The Australian Law Reform Commission (ALRC) today released a consultation paper for the Review of Judicial Impartiality, and is calling for submissions on its questions and reform proposals.
The terms of reference for the inquiry ask the ALRC to consider whether:
• the law on actual or apprehended bias relating to judicial decision-making is sufficient and appropriate to maintain public confidence in the administration of justice
• the law provides clarity to decision-makers, the legal profession and the community about how to manage potential conflicts and perceptions of partiality, and
• the mechanisms for raising allegations of actual or apprehended bias, and deciding those allegations, are sufficient and appropriate.
The inquiry relates to the law as it applies to judges in the High Court, Federal Court, Family Court and Federal Circuit Court.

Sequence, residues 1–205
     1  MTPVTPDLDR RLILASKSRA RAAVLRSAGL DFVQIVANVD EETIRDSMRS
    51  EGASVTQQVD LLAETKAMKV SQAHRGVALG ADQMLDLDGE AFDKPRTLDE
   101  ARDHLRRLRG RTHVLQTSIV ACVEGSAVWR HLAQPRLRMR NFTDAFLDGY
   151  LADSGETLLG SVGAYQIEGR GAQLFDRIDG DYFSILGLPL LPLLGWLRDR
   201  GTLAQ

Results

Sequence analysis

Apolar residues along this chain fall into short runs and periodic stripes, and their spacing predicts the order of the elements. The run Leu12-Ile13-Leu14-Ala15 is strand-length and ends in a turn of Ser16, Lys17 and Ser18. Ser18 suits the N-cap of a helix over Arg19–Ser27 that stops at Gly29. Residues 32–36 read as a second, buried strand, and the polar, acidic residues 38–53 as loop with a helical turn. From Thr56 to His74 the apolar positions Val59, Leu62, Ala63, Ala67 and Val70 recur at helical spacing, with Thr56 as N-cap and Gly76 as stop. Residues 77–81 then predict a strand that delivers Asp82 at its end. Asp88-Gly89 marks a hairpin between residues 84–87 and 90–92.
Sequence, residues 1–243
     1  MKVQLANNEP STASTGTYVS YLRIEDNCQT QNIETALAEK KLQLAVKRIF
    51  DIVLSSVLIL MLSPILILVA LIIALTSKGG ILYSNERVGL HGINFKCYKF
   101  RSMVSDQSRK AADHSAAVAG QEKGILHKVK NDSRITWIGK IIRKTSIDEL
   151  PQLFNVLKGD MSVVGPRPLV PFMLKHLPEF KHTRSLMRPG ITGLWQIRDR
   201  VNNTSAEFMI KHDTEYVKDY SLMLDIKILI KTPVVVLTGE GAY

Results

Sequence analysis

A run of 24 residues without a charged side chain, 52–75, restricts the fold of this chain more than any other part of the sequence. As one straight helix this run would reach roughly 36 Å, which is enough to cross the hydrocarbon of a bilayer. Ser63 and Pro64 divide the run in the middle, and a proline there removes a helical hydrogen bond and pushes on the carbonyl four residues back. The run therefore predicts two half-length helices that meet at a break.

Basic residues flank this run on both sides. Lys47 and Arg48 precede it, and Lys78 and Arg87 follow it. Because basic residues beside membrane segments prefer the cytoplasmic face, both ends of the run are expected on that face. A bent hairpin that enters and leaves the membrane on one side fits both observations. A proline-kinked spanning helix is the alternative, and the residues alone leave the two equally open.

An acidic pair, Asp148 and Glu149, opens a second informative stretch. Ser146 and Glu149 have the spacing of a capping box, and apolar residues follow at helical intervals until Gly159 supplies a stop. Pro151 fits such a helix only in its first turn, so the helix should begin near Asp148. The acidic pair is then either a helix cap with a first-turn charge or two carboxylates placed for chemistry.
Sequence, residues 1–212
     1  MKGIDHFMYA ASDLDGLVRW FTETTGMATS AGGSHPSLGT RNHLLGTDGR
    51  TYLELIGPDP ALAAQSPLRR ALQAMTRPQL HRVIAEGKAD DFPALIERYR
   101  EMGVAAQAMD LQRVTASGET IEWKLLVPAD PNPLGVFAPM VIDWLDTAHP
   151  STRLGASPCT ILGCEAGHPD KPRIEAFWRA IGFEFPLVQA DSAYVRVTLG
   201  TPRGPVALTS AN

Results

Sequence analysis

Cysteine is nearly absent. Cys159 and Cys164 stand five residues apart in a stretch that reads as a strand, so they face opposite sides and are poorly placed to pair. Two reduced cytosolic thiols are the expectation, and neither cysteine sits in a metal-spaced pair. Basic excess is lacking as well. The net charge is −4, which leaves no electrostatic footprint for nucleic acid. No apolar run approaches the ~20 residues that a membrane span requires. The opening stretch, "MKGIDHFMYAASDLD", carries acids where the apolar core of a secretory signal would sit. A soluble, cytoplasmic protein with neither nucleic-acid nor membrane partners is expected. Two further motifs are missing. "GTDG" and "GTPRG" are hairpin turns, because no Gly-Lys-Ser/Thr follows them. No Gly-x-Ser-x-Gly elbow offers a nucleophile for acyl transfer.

To date, the ALRC has consulted with more than 140 individuals and groups, including current and former members of the judiciary and tribunals, the legal profession, litigants, non-profit legal services, community groups, and academics.
ALRC President Justice SC Derrington said judicial impartiality was central to justice, and systems to support it needed to reflect and respond to the realities of modern Australian society.
“Our consultation proposals and questions for this inquiry focus on enhancing the institutional structures that already exist to support impartial decision-making, along with the implementation of transparent procedures and guidelines, which are foundational to the rule of law and the public’s confidence in the administration of justice in Australia,” Justice Derrington said.
The ALRC invites submissions in response to 25 questions and proposals in relation to judicial impartiality and the law on bias. Submissions are due by 30 June 2021 and the ALRC is due to deliver its report to the Attorney-General by 30 September 2021.